BELL: I believe in ALL public schools, including Charter Schools. I do not believe the State should have the ability to override the local School Board that is elected by the voters. Voters would no longer have a say in the creation, management and funding of Charter Schools. Furthermore, the House Republican leader stated from the Well that HB 1162 was not about Charter Schools, but about taking power away from “Activist Judges.”

LONG: I support public charter schools that work. Our public school systems should work with public charters in the way they were intended – they should study what a public charter may be doing correctly and adopt those practices for students at traditional public schools. I was proud to vote for HR 1162 and believe that the State of Georgia should have the ability to create charter schools, especially when the public school districts have no good reason for rejecting a public charter application. There are some public school systems that enjoy having a monopoly in public education and are too reluctant to adopt reforms that work for their students.

(5) WOULD YOU SUPPORT LEGALIZING MEDICAL MARIJUANA IN THE STATE OF GEORGIA?

BELL: I would have to fully read legislation that applies to this issue before denying or issuing my support.

LONG: Yes. The criminalization of marijuana has led to inequitable and unnecessary incarceration for too long.

(6) DO YOU SUPPORT ENDING THE CURRENT PRACTICE PERMITTING UNLIMITED GIFTS FROM LOBBYISTS TO STATE LEGISLATORS?

BELL: I support comprehensive ethics reform.

LONG: Yes.

(6b) HAVE YOU SIGNED THE COMMON CAUSE GIFT CAP PLEDGE?  IF NOT, WHY NOT?

BELL: No.  I am elected by the people to be a thinking, strategic leader. While I support Common Cause and the work it does, I will not sign a pledge in conjunction with the Georgia Tea Party Patriots and Georgia Conservatives in Action.  I will not sign a pledge that traps me into supporting legislation that no doubt will change multiple times before it comes to the floor for a vote.  As with all legislation, I reserve the right to add and remove my signature as the language in the bill changes.

LONG: I have not signed the Common Cause pledge because I believe that it would be a meaningless gesture. If the elected Republican leadership in Georgia was truly concerned with ethics reform, they have the political muscle to get it done. It is up to the Republicans to decide if they care about ethics or not. Honestly, I don’t believe that they have the will to reform a system that works to their benefit.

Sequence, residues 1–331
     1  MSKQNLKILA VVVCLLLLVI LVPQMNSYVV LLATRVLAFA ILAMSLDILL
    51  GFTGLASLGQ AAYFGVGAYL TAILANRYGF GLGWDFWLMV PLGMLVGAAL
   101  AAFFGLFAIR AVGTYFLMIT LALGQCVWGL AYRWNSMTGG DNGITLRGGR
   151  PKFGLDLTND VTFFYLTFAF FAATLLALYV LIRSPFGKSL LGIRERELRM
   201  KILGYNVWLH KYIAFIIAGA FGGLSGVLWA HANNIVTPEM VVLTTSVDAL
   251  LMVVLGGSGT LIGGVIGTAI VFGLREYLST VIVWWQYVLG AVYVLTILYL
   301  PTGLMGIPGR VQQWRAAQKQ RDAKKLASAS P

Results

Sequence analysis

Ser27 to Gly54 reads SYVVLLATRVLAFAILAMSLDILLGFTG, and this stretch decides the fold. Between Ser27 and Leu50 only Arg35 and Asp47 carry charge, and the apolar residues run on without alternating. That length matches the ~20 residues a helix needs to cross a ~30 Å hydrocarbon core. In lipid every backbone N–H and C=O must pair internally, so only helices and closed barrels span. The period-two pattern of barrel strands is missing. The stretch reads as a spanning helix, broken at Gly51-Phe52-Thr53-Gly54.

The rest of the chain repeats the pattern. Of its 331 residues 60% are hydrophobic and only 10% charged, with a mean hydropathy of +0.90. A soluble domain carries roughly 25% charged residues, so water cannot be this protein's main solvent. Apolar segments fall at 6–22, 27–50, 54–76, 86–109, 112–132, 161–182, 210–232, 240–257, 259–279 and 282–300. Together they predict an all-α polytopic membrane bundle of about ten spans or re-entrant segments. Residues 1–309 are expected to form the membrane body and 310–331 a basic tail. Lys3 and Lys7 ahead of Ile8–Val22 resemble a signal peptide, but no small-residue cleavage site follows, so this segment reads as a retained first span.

(7) DO YOU SUPPORT A MORE PROGRESSIVE TAX STRUCTURE?  IF SO, WHAT SPECIFIC TAX REFORMS WOULD YOU PROPOSE?

BELL: There is definitely a need to update Georgia’s Tax structure. I oppose returning to regressive taxes and support raising the Corporate Tax Rate.

LONG: Yes, I believe that we should move to a more progressive tax structure.  Individuals and corporations that have the most resources should carry a larger portion of society’s burdens than those who do not.  Georgia needs to close the numerous corporate tax loopholes in this state such as the fuel tax breaks enjoyed by Delta.  We should not be funding government on the backs of poor and working families.

(8) WHAT, IF ANYTHING, WOULD YOU DO TO SUPPORT AFFORDABLE HOUSING IN GEORGIA?

BELL: Prior to running for office, I advocated for affordable housing throughout East Atlanta. We must set the formula for “affordable” based on a living wage analysis of the median income for the area, not based on the market value of the surrounding housing.

LONG: My zip code, 30310, has the dubious distinction of leading the state of Georgia in
foreclosures.  At any given time, there are at least five vacant houses on my street, which is only two blocks long.  With this significant stock of available houses, we need to think creatively about finding ways to put the poor and working families into these homes.  One important first step is a new law that requires banks and other owners of vacant and foreclosed properties to register them with the county or municipality.  I am glad that this law goes into effect in July.  Before a home forecloses though, we should create incentives for the mortgage company to keep the current family in the house (as tenants) and paying an affordable rental rate.

CORRECTION: The original version of this article stated Bell is the first elected openly homosexual Black legislator in any State House in the US; the article has been corrected to note she is the first elected openly homosexual female Black legislator in any State House in the US.

(END/2012)